Welcome back! Love that quote at the end. But of course there would be no debate board if we all took that to heart, LOL!

    I've been stewing over this one for many days. In general I'm more on the modesty end of the spectrum not for religious reasons but just because I don't want to see man-boobs, fake boobs, rolls of fat, shaved chests, cellulite, butt cracks, butt cheeks, and varicose veins. No thank you. But I'm also very much against this rampant *Purity* thing that seems to be sweeping through Christianity like a plague. I don't want to hear about who is a virgin or not, it's nobody else's business, and I don't think simply *not* having sex constitutes purity. I don't think anyone should be sending sexy photos to anyone ever because you never know where they will end up if you break up, kwim? People do stupid things with photos when they think they've been hurt. Hard copies just get scissored; electronic copies get forwarded. Plus, it's pretty fun to look at good-looking people once in a while, and no one should feel they need to gouge their eyes out because of it. And I love love love everything Nate Pyle said. I think I'm printing that one out for later.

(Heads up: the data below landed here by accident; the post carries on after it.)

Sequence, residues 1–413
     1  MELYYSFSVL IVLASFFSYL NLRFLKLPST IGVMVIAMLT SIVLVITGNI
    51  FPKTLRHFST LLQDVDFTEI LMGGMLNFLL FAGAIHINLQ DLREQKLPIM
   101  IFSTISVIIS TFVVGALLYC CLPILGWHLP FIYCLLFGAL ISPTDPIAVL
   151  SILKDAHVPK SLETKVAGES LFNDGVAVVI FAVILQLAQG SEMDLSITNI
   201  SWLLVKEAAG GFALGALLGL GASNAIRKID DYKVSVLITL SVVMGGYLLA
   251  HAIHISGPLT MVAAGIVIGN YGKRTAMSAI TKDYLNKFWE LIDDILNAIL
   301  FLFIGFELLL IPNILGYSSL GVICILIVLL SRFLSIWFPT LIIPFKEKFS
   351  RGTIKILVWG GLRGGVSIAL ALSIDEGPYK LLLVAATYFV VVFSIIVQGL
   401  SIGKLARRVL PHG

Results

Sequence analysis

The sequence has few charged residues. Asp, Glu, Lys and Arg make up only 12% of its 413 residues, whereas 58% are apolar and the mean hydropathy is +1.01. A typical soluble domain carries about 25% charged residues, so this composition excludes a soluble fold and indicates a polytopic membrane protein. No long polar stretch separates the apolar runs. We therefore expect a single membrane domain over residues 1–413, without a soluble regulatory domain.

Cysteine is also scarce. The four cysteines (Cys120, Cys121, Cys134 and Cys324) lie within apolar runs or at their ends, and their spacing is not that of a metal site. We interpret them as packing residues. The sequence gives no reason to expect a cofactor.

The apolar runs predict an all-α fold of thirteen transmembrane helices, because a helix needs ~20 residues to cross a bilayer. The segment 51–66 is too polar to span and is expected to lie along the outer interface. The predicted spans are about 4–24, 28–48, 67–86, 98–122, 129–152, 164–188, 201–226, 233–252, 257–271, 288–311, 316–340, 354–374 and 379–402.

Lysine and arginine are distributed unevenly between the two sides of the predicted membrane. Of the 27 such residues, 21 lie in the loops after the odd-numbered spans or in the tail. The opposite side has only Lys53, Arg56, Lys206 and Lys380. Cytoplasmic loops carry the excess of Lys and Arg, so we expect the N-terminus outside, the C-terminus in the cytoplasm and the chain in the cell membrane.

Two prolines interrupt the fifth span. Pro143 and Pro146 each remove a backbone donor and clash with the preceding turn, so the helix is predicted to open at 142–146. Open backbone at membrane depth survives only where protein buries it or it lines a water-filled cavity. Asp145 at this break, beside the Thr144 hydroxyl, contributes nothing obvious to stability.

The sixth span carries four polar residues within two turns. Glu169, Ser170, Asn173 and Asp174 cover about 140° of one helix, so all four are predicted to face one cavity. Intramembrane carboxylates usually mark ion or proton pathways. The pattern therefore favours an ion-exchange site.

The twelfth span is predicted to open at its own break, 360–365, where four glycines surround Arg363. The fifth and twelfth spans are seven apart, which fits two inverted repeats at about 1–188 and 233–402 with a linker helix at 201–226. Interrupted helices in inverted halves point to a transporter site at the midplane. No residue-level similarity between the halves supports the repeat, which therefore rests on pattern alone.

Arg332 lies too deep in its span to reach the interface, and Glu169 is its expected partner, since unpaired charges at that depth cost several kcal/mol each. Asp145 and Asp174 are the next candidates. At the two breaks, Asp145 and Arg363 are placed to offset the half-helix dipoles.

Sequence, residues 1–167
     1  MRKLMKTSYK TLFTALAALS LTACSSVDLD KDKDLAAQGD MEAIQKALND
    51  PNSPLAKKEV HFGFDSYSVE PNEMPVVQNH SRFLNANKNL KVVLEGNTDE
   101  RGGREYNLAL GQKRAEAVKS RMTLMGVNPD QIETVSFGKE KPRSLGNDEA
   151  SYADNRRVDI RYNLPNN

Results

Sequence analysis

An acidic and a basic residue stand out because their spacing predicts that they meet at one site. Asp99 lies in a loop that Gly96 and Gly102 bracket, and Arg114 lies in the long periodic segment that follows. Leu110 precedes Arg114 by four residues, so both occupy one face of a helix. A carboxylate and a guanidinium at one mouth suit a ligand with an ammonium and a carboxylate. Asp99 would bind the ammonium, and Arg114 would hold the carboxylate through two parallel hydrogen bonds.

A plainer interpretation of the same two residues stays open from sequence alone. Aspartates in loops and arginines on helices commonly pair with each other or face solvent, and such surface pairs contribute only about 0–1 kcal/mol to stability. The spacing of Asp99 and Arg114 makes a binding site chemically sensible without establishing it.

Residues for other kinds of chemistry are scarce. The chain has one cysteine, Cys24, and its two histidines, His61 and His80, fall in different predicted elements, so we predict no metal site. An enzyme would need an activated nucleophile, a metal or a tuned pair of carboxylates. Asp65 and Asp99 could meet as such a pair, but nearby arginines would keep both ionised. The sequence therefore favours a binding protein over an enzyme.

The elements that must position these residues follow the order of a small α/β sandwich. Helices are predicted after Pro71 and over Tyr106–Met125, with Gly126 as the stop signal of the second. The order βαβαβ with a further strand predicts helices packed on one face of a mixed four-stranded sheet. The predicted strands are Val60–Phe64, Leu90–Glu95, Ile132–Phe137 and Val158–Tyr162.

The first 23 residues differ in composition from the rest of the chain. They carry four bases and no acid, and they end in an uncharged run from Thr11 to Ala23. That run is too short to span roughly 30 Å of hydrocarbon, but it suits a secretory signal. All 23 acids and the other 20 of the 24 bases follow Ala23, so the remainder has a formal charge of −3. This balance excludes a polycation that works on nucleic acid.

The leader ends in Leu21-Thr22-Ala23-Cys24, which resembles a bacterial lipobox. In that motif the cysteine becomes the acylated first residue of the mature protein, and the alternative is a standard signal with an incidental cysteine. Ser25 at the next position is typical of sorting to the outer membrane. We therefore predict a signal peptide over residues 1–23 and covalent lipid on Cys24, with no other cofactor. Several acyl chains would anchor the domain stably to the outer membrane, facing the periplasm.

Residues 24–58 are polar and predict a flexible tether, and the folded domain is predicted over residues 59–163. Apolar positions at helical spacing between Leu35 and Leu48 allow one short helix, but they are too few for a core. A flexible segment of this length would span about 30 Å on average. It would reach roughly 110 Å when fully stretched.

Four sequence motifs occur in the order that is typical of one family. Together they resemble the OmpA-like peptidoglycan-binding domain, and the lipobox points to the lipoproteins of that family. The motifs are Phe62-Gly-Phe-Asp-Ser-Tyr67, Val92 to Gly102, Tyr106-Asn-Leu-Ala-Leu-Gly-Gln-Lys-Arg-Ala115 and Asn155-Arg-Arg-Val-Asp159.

The number of U.S. states in which a person can marry the person they love regardless of gender: 30 and counting!

  9. #19
    Posting Addict Spacers's Avatar
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    Quote Originally Posted by Alissa_Sal View Post
    I've been thinking about it some more, and another thing that bothers me about this is that by sitting around and doing this activity as a family (judging which girls are "too sexy" and which are not) it seems to me that she is almost teaching her sons to look at these girls in this really objectifying way. Not that boys really need many lessons in seeing girls as sexual objects, but they don't need that message reinforced either. As a family, they are trolling through what sounds like relatively "innocent" pictures of girls (yes, they may be "trying to look sexy" but by her own account we are not talking about porn or strippers or anything like that, we're talking about normal teenaged girls in their jammies....) and taking a subset of them and saying "Nope, sex, BAD." You know? Like it's almost objectifying these girls more, together as a family.
    And ITA with this, too!
    The number of U.S. states in which a person can marry the person they love regardless of gender: 30 and counting!